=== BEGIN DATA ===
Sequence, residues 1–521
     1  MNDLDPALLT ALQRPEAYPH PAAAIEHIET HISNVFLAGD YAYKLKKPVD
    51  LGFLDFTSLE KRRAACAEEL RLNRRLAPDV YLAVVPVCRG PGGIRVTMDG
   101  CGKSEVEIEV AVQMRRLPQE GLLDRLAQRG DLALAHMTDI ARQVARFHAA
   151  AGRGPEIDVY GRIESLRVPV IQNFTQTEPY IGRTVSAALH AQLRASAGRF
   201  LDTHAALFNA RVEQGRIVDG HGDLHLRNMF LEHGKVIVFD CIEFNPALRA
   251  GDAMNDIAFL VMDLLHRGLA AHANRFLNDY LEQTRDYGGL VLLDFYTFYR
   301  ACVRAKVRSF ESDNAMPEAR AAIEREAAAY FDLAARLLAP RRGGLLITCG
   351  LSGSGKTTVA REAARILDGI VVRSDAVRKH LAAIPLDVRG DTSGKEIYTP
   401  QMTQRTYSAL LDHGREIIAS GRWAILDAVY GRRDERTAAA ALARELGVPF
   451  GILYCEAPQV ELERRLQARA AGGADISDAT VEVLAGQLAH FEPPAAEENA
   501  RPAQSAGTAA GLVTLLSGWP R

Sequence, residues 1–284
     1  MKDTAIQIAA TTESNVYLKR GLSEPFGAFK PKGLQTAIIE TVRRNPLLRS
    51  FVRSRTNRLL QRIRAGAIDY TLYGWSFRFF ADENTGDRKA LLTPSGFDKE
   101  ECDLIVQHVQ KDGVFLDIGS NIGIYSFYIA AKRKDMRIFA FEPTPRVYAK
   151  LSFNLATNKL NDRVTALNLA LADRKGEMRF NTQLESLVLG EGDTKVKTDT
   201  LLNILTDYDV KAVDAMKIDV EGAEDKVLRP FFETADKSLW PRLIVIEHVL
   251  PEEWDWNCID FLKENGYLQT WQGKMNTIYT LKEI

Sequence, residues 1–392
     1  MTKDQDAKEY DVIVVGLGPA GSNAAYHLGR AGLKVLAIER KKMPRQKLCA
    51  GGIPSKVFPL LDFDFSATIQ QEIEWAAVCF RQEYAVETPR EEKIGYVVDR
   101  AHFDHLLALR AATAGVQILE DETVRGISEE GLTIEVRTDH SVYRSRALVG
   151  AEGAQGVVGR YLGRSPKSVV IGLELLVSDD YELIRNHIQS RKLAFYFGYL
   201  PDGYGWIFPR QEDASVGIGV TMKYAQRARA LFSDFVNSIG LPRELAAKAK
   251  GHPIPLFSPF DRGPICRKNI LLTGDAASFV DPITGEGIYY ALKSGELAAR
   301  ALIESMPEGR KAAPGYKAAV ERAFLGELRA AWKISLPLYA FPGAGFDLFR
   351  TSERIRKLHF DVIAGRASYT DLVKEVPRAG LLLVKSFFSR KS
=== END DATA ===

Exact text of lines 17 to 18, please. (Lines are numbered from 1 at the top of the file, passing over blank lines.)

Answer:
   151  LSFNLATNKL NDRVTALNLA LADRKGEMRF NTQLESLVLG EGDTKVKTDT
   201  LLNILTDYDV KAVDAMKIDV EGAEDKVLRP FFETADKSLW PRLIVIEHVL